California on Saturday became the first state to say that large department stores must display products such as toys and toothbrushes in a gender-neutral manner, a victory for LGBT advocates who say that the pink and blue colors of traditional marketing methods are used for children. pressure to conform to gender stereotypes.
The new law, signed by Democratic Governor Gavin Newsom, does not outlaw traditional boys and girls classes at department stores. Instead, it says that larger stores should also have gender-neutral sections to display a “reasonable selection” of items “whether they have been traditionally marketed to girls or boys.”
It does not include clothing. The law only applies to toys and “childcare items,” which include hygiene and teething products. And it only applies to stores with at least 500 employees, which means small businesses are exempt.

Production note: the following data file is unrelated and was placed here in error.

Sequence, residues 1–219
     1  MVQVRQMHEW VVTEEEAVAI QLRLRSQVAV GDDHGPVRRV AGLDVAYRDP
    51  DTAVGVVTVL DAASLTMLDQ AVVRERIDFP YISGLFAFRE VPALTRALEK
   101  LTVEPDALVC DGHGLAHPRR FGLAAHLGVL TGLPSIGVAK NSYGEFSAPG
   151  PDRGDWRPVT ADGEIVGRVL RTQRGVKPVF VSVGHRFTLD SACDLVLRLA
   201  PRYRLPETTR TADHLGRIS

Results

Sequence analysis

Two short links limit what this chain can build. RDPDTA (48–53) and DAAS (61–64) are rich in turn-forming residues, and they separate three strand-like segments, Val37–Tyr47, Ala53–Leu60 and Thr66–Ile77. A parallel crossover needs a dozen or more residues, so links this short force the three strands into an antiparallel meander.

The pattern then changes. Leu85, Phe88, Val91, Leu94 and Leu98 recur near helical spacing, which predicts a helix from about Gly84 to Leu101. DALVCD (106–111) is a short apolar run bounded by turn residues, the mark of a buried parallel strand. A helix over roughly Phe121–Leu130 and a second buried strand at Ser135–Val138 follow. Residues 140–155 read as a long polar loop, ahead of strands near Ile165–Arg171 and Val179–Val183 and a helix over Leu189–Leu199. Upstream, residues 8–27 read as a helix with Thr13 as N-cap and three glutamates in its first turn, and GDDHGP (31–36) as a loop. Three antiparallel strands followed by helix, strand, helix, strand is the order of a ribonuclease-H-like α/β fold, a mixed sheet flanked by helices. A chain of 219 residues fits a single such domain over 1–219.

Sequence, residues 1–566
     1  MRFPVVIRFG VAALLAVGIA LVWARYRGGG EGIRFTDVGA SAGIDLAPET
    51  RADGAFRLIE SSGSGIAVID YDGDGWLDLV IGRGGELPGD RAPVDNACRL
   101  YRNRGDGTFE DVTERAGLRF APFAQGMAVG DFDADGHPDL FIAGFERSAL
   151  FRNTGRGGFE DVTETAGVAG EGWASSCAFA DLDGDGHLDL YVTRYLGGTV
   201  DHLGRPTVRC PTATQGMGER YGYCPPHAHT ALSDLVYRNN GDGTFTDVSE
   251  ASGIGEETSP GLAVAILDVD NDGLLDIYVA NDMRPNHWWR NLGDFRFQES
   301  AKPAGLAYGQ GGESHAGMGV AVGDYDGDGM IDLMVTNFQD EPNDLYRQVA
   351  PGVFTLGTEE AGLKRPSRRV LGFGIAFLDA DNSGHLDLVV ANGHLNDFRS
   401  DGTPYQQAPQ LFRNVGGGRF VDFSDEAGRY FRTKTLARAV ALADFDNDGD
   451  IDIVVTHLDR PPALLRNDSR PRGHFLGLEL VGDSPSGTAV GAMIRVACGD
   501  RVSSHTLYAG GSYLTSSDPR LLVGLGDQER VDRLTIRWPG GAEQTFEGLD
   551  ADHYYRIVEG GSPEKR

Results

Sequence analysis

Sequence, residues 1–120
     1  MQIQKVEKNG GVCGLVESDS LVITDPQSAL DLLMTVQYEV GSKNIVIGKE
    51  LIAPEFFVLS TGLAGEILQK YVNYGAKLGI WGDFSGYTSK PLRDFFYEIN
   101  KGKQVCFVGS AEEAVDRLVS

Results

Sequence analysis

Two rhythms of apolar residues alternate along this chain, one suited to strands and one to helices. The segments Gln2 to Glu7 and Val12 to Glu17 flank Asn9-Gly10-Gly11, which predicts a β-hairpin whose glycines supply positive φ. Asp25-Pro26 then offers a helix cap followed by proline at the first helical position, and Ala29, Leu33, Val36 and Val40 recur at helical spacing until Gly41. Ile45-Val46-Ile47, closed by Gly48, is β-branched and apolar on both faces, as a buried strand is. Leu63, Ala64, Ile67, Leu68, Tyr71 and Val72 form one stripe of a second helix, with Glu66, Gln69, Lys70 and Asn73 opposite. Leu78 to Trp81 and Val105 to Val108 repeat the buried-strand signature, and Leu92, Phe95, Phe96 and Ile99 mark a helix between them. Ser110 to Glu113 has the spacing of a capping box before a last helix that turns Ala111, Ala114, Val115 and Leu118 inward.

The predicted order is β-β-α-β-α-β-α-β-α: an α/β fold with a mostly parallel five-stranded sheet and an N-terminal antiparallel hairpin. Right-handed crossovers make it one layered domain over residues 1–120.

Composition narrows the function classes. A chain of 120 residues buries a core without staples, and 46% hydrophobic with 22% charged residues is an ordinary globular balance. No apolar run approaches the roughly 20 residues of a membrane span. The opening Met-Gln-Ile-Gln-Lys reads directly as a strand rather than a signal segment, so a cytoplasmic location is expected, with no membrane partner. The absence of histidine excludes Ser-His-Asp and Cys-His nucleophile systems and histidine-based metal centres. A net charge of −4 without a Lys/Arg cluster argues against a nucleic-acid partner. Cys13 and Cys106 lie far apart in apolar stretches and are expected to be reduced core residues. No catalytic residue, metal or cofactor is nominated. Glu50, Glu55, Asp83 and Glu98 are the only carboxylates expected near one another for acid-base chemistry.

Assemblyman Evan Low, a San Jose Democrat who wrote the bill, said he was “incredibly grateful” Newsom signed the bill this year – the third time a Democrat in the state legislature has tried to pass the law. , similar bills failed in 2019 and 2020.
Lou said he was inspired by the 10-year-old daughter of one of his employees, who asked her mother why some things in the store were “out of bounds” for her since she was a girl.
“We need to stop stigmatizing what is acceptable to certain genders and let children be children,” Low said. “My hope is that this bill will encourage more businesses in California and the US to avoid reinforcing harmful and outdated stereotypes.”
While California is the first state to require it, some large department stores have already changed how they display their products. Target Corp., with 1,915 stores across the United States, announced in 2015 that it would stop using certain gender-based signs in its stores.
The law was opposed by some Republicans and some conservative groups, who argued that the government should not tell parents how to shop for their children.